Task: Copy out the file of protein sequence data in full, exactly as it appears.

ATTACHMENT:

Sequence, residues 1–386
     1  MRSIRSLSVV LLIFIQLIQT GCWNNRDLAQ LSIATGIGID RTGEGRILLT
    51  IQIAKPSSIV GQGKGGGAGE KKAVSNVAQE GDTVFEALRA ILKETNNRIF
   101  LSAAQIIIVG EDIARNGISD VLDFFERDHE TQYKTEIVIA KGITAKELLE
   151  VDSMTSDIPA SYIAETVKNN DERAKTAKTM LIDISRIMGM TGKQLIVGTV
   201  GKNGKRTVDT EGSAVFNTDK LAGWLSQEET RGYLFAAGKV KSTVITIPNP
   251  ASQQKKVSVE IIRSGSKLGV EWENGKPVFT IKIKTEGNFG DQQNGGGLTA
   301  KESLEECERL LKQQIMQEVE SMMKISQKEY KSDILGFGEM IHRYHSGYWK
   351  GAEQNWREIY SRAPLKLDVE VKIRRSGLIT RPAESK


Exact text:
Sequence, residues 1–386
     1  MRSIRSLSVV LLIFIQLIQT GCWNNRDLAQ LSIATGIGID RTGEGRILLT
    51  IQIAKPSSIV GQGKGGGAGE KKAVSNVAQE GDTVFEALRA ILKETNNRIF
   101  LSAAQIIIVG EDIARNGISD VLDFFERDHE TQYKTEIVIA KGITAKELLE
   151  VDSMTSDIPA SYIAETVKNN DERAKTAKTM LIDISRIMGM TGKQLIVGTV
   201  GKNGKRTVDT EGSAVFNTDK LAGWLSQEET RGYLFAAGKV KSTVITIPNP
   251  ASQQKKVSVE IIRSGSKLGV EWENGKPVFT IKIKTEGNFG DQQNGGGLTA
   301  KESLEECERL LKQQIMQEVE SMMKISQKEY KSDILGFGEM IHRYHSGYWK
   351  GAEQNWREIY SRAPLKLDVE VKIRRSGLIT RPAESK